How Do You Perceive the Timeline Of Your Life?

This week, I had the great pleasure to speak about this with Dorian Mintzer, M.S.W., Ph.D. She is a retirement coach, author, owner of Revolutionize Retirement and an adjunct professor teaching a “Multidisciplinary  Introduction to Gerontology” class at Regis College in Weston, Massachusetts. She was kind enough to assemble a few of her diverse students together – ranging in age from young twenties to early 50’s. Our crew included Karen from El Salvador, Yunez from Turkey,  Adamnatu from Sierra Leone, several American students as well as Alan O’Hare, Ph.D., one of the guest speakers for the course.

How we perceive aging is vital.  “What I’ve found in my clinical work and teaching is that often people embrace whatever are the prevalent stereotypes about aging–generally with an ageist lens–and therefore don’t want to think ahead since “aging” is fraught with fears about all of the negatives about getting older,” said Mintzer.

“Certainly there are many changes that occur as we age, positive and negative, but it’s not all “down hill” unless you believe it is. I find that people are surprised when they learn that by the time you’re 65 is less about genes (about 30%) and more ( about 70%) about things you can “control”–such as nutrition, exercising your body and brain, spirituality, meaningful relationships, connection, engagement and finding purpose and meaning in life. With this paradigm shift it can become less scary to think about getting older.”

Mintzer offers a Boomers and Beyond Special Interest Group (SIG) for Interdisciplinary Professionals once a month to bring together people interested in positive aging.  Revolutionize your Retirement Interview with Expert’s Series is the 4th Tuesday of each month (except December) at 12:00 noon Eastern time. Sign-up each month, 7 -10 days before the call, at  www.revolutionizeretirement.com.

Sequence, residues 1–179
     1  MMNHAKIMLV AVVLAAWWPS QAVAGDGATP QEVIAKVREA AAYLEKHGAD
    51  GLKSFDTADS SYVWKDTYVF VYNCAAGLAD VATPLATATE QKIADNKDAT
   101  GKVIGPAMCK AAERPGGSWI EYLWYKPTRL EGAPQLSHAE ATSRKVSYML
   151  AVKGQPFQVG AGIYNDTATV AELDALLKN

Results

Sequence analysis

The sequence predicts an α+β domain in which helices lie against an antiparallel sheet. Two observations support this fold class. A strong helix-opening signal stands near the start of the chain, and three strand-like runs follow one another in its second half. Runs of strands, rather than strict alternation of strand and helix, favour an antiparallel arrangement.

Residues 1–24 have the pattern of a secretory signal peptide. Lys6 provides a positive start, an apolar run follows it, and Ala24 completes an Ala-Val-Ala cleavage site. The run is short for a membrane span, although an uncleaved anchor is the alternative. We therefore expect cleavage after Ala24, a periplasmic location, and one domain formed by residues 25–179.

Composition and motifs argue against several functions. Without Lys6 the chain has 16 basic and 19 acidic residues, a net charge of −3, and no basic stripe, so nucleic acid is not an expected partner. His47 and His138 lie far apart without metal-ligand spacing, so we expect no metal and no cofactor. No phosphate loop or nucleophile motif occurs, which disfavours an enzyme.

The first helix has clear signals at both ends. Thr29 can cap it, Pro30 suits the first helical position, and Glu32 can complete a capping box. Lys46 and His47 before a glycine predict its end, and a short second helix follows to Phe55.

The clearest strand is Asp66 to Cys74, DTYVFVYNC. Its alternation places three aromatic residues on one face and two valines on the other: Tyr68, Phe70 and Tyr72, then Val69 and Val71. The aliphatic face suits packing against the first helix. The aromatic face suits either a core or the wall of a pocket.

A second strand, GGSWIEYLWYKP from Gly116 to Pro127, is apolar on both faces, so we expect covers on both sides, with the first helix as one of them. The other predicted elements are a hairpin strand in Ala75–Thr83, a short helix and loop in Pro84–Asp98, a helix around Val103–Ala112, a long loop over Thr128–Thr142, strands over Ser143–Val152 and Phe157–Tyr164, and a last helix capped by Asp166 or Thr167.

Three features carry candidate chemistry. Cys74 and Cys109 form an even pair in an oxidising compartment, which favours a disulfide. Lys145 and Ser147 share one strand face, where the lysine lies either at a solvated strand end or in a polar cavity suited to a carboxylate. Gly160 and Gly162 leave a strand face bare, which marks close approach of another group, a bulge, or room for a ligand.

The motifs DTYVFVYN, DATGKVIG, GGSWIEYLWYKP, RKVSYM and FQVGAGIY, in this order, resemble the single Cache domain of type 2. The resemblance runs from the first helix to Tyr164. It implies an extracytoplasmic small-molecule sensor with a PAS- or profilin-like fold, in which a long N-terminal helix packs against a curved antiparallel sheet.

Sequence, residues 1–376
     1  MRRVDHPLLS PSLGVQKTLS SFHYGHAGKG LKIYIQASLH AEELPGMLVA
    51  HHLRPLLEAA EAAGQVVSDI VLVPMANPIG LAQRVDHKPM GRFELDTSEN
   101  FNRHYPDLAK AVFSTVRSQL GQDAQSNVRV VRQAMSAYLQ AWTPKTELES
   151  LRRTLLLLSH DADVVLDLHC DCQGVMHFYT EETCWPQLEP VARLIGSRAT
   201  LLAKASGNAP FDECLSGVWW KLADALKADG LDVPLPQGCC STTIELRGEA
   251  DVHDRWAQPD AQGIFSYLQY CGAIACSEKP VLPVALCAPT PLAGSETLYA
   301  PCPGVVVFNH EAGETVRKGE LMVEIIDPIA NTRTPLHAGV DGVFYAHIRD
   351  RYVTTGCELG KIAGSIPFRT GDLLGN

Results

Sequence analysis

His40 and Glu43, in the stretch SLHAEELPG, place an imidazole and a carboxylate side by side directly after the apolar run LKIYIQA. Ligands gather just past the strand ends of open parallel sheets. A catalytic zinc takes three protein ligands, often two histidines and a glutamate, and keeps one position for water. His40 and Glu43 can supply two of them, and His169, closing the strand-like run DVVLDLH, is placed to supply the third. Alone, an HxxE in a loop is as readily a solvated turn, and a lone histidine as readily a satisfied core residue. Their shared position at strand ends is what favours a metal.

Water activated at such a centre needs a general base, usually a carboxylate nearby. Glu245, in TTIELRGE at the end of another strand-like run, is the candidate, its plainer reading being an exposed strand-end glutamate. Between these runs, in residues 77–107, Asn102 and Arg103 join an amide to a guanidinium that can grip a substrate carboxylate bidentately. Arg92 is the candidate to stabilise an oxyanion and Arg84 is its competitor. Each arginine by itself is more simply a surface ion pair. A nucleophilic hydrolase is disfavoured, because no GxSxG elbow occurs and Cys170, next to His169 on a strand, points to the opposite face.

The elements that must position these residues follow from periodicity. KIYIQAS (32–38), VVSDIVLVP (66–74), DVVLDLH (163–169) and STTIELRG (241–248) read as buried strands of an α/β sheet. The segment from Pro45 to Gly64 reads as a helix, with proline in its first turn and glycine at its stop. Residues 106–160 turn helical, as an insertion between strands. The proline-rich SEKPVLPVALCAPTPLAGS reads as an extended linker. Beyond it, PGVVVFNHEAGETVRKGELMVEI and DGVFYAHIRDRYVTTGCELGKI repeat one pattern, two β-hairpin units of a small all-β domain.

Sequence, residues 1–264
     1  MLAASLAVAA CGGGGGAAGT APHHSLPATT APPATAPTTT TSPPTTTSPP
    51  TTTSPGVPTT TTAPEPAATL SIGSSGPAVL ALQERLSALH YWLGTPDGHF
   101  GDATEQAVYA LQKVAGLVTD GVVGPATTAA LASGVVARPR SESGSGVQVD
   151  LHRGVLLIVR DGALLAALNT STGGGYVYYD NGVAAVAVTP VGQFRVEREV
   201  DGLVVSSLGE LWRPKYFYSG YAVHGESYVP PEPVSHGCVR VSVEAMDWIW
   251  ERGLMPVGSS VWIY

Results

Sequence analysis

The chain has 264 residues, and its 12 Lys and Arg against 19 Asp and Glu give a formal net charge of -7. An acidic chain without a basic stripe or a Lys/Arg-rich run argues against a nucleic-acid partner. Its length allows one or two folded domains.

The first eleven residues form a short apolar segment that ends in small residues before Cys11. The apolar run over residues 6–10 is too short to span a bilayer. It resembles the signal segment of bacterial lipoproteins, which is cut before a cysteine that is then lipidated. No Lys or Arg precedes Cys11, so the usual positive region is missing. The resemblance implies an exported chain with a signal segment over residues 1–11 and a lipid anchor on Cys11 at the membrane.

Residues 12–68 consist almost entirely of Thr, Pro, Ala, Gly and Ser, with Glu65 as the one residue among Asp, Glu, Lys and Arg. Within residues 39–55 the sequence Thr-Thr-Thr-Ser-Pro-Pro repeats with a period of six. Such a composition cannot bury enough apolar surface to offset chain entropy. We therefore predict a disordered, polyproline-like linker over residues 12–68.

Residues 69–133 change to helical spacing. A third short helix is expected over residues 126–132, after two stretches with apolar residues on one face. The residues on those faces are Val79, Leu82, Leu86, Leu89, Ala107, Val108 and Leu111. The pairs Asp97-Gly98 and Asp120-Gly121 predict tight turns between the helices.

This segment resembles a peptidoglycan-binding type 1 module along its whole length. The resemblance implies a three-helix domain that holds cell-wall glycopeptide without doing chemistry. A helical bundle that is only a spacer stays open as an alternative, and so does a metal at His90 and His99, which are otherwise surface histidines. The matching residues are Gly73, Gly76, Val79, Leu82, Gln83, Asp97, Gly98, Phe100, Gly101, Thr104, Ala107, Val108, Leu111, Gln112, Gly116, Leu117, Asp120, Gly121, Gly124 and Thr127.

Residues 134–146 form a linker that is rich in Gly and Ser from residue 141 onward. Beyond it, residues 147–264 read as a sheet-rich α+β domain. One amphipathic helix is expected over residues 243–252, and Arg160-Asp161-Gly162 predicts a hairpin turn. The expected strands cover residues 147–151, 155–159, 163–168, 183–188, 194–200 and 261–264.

Studies have shown that most people can only imagine about 5-10 years into the future. If you think back, to age 12, for example, being 18 or 20 was really grown up. When you were 25, being 35 was “old” and 50 was inconceivable. We were never taught to plan ahead and anticipate the many stages of a potential 100 year life. Today, many can expect to enjoy another 20 to 30 years of active living AFTER age 65. How do we expand our minds to embrace, celebrate and prepare?

Now it’s your turn! Leave us a comment in the box below, or up on our Facebook page.  How do you perceive the years ahead? Can you see your life through to 100? What would it look like? We love to hear your ideas and stories!

 

4 Replies to “How Do You Perceive the Timeline Of Your Life?”

  1. I loved the diversity of cultures and opinions reflected in the comments from Dori Mintzer’s class. What great conversations they must have had in her Gerontology class!

    My timeline image is of an 85-year-old beech tree. The trunk is covered with warts and is scarred but also enhanced by people’s carvings. The branches are spread wide, a couple bent down to the ground where they have generated some new growth. Long strands of leaves hang down, creating a canopy under which people can sit in the shade and read a book or just look at the natural life around them.